A longitudinal investigation of inflammatory biomarkers, vitamin D, and physical fitness in trained and untrained elderly men and women
Increases in chronic inflammation and decreases in muscular strength and aerobic capacity occur as individuals age. Additionally, vitamin D levels in the blood have been positively associated with increases in strength and lower levels of inflammatory cytokines. Individuals who have participated in a training study may be more likely to continue structured exercise programs and thus maintain their strength, aerobic capacity and inflammatory levels. Subjects from previous studies were recruited to visit the lab so that measurements could be taken for inflammation, strength, aerobic capacity, and 25-hydroxy vitamin D. Comparisons were made over 7 year (G7Y), 4 year (G4Y), and 3 year (G3Y) time periods. CRP did not increase over 3 years among subjects who remained physically active. There was a positive correlation (r=.47, p<.05) between vitamin D and 8 RM seated row. G4Y subjects were able maintain their strength for 8 RM leg press and 8 RM chest press. However, 8 RM seated row and 8 RM lat pull down decreased significantly (p<.01, p=.01, respectively). There was only a significant increase in 8 RM chest press for G7Y. BMI increased significantly (p<.005) for G3Y, but not G7Y or G4Y; however, body fat decreased for both G4Y (p<.005) and G3Y (p<.001). Both systolic and diastolic blood pressure decreased for G7Y (p<.05) and systolic blood pressure decreased for G4Y (p<.01). These results show that remaining active appears to blunt inflammatory increases that occur with age. Additionally, participating in an exercise training study may educate subjects on how to properly exercise in order to allow them to maintain strength and aerobic measures which literature has shown are expected to decline. No significant decreases in physical activity in any group may have contributed to decreases in body fat percentage, no change in BMI for G7Y and G4Y, and minimal decreases in strength. Different seasonal time-points may have had an effect on the level of 25-hydroxy vitamin D and associated lack of significance when correlated with all variables except seated row. Blood pressure may have decreased as a result of medications prescribed after their participation in the original study. No subjects reported taking blood pressure medication in the original study, but eleven people were taking medications to control blood pressure at follow up in 2007.^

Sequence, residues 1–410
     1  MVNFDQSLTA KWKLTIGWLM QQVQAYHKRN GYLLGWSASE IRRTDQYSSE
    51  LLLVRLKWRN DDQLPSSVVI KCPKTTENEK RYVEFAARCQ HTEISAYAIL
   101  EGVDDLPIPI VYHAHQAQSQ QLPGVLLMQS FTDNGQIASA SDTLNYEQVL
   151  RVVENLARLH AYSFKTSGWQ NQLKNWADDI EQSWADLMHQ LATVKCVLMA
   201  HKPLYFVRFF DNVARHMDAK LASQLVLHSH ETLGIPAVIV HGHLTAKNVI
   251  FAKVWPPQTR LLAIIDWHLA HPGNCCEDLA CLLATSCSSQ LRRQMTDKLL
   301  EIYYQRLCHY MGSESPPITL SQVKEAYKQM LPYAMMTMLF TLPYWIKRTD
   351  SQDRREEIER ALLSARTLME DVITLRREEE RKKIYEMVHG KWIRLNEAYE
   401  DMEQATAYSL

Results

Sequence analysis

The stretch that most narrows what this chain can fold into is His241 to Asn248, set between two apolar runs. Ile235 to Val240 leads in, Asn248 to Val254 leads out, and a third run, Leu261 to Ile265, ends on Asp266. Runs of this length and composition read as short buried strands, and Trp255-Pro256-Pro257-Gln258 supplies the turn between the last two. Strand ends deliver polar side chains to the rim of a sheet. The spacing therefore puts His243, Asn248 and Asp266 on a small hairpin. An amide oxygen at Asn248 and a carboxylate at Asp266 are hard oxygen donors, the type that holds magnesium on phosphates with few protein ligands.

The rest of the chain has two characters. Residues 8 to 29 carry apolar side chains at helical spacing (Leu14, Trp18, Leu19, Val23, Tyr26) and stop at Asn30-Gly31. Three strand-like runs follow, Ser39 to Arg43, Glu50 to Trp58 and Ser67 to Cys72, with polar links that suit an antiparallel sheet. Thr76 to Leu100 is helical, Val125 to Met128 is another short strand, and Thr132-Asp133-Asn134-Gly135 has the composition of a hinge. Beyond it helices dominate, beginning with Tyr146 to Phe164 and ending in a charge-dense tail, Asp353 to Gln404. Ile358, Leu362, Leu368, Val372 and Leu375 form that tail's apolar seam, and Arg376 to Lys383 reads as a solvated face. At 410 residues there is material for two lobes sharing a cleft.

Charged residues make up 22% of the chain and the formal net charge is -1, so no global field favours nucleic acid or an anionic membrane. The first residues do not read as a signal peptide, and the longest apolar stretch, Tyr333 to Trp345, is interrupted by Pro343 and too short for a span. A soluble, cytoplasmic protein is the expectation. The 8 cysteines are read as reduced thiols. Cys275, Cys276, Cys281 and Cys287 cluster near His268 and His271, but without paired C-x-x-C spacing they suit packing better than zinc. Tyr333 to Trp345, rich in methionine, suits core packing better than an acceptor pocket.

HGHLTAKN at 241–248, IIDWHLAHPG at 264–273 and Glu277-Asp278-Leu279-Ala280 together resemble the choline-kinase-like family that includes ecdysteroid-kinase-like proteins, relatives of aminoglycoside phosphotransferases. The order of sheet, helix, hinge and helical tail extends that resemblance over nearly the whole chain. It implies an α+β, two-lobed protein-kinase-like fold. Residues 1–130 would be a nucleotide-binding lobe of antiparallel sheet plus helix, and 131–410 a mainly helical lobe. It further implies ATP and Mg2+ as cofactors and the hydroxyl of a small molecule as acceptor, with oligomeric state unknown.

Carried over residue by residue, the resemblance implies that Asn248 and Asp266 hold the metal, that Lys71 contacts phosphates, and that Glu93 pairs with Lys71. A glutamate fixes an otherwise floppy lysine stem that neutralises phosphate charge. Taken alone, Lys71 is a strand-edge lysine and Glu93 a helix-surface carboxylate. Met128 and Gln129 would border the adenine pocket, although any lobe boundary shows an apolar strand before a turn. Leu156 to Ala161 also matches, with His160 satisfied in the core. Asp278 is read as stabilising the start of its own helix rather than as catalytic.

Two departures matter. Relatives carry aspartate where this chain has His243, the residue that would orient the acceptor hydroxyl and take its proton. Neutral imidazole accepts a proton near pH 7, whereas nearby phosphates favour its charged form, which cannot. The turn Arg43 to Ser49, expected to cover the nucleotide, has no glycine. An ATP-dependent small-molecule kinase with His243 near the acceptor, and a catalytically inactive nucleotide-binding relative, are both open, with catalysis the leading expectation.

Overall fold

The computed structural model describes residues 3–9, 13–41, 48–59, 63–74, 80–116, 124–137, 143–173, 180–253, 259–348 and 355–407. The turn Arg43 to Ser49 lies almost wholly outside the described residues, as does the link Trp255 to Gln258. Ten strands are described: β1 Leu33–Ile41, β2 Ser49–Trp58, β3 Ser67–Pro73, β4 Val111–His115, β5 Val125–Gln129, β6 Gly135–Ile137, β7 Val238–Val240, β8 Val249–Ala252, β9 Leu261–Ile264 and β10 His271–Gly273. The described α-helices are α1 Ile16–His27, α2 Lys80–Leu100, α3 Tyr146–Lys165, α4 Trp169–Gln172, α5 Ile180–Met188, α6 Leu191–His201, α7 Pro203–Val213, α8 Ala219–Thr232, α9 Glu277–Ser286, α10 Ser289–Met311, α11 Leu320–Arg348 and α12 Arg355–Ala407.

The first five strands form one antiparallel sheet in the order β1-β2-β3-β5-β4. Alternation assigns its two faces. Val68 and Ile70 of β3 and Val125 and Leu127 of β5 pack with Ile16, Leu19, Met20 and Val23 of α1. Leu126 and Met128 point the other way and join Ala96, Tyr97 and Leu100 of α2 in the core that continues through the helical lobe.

Michael G. Flynn, Purdue University.
Health Sciences, Recreation|Biology, Physiology